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30 Days Hath September . . .

. . . but it took more than that to get my September socks done.


These are adapted from the Whiz Bang pattern, but without the Bootylicious heel (I’ve become partial to afterthought heels, if only because you can replace them easily if they wear out.) I like the slanted, foot-specific toes a lot–they fit me right and will probably become my go-to toe in future.

And now that I’ve finally fallen behind on my one pair-per-month goal, I think I’m going to release myself from it. Knitting is a hobby, FFS, and doesn’t need goals and micromanagement like everything else in my life. I want to make a scarf now, and I’ve got just the pattern so I can finally use the worsted weight Noro that I bought as a mistake three years ago.

Coming soon: soldering, casting, and all that fun stuff.


Filed under knitting, socks

Too Ugh

So I wrapped up one more beading project this week:


The focal is one of several cool beads a friend in my knitting group got me for the holiday exchange last year. As much as I like it, the damn thing had some major chippage around the (crookedly drilled) hole. Sigh. Beads have become the bane of my existence, I’m afraid. Still, I think I managed to fix/fill the problem with a bit of carefully applied epoxy. It probably won’t cut through the double strand of Fireline I strung it on, but I’m not so sure about little irregular glass beads I upcycled from one of my grandmother’s old old broken necklaces.

Well, anyway, I guess I’m done with beads for now. Class started again last night, though for some reason I thought I had another week to go. Wrong. I noticed the reminder email about ten minutes before classtime, so I packed up whatever tools I had lying around and hauled ass across town to get there. It may have been the very first time I didn’t have five million things to do in the studio at once, which was probably good for me. It gave me time to work carefully on this.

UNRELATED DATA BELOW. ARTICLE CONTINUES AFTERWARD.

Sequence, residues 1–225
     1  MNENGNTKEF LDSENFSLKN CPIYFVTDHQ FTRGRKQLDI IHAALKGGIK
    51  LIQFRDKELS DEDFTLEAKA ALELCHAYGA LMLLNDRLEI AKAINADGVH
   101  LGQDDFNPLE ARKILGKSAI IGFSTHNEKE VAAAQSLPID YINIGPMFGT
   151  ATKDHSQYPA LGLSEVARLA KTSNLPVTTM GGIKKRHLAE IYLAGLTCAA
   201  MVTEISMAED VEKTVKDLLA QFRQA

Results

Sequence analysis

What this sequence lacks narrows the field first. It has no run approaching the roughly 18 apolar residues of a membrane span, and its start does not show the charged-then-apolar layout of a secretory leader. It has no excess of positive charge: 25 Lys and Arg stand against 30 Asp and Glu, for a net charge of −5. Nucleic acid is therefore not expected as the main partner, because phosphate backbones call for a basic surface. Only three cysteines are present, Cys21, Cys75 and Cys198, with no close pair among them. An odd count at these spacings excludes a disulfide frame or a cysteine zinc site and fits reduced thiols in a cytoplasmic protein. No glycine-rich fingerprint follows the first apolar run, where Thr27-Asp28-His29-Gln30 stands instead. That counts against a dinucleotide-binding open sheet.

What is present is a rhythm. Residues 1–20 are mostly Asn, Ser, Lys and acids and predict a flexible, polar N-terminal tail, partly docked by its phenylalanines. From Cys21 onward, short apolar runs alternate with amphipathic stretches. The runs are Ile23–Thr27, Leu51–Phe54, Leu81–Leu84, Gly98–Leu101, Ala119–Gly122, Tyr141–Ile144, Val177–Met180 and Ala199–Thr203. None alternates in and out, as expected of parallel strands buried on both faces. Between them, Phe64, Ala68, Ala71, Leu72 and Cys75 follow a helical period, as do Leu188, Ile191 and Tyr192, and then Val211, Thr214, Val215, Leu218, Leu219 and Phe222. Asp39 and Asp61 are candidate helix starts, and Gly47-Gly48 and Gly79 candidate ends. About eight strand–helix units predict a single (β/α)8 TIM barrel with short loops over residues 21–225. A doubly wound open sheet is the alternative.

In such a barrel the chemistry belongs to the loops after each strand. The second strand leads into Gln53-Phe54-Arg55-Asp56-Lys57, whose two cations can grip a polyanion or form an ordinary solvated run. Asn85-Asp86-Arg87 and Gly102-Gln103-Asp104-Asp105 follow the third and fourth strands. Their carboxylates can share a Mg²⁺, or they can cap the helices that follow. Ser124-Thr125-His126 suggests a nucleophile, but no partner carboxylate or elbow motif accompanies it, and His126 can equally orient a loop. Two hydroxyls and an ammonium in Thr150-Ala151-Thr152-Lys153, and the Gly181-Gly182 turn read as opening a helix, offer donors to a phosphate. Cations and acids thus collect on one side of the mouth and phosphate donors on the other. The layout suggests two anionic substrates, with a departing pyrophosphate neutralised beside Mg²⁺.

But let’s backtrack a bit. This is a polymer clay impression I made of the koi design on top of the hilt of some repro samurai sword thing my husband has (or had; this was 7-8 years ago and I can’t find the damn sword now to save my life.) Wouldn’t that make an awesome silver pendant? So I lubed it up a bit (hee hee) and set to filling it with wax. The first attempt almost worked–it came out great except around the edges where I didn’t make it thick enough and it chipped a little. Sod it, try again. Well, subsequent attempts just didn’t work for one reason or another, with cracks, bad areas, sticky areas, I don’t know. Appears I messed up the mold, too, with all those little gouges you can see in the picture.

This just hasn’t been my week, so I gave up, packed it in, and took it home to clean out as best as possible. Perhaps I’ll try again with a little olive oil (worked well for me with the pawprint last summer) and melt down the bad impressions I already made. Right now I’m just too ugh to care.

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A New Thing

In my efforts to destash beads and think of new ideas, I came up with something that would utilize more than one bead, which is kind of a rarity for me.


Here’s how that went.

Planish two 14 g wires like so.


Ream the beads a bit with a diamond-plated drill bit so a bit of tubing can actually fit in there (grumble, grumble.)


Mark drill holes on planished wires as carefully as you can. Start the holes by grinding them just a bit with a tiny bur bit.


Cut tubing for each bead. I made mine just a touch longer than the beads . . . and learned the beads aren’t all exactly the same size (or perfect shape, either.) Perhaps they weren’t the best choice for something I wanted to look uniform.

Curl the non-drilled ends of the planished wires over to make bails. (Note they should be planished in the opposite direction of the other ends.)

Put the tubing in the beads, run a close-fitting wire through the planished wire, tubing with bead, and other planished wire. Cut and rivet. (My tubing fit a 22 gauge wire.) Do the other two. Yes, this will be fiddly and annoying and won’t come out as nicely as you’d hoped (if you’re me.)

My aim was for the beads to spin freely on the tubing, like prayer wheels or something. They do turn, but not smoothly. I think if I had had a second, slightly larger tubing to go over the first, I could have accomplished this. Obviously, if I try again, I’ll need beads with bigger holes. And there were some at the local bead shop . . . hmmm . . .

So, not bad for a first draft. And I am impressed by the teeny tiny rivets, if I do say so myself. If I do such a thing again with slightly organic, imperfect beads, I’ll maybe make it look a bit rough on purpose: hammer texture the wires, stuff like that.

Next up: macrame, revisited.


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Filed under beads, experiment, pendant, practice, wire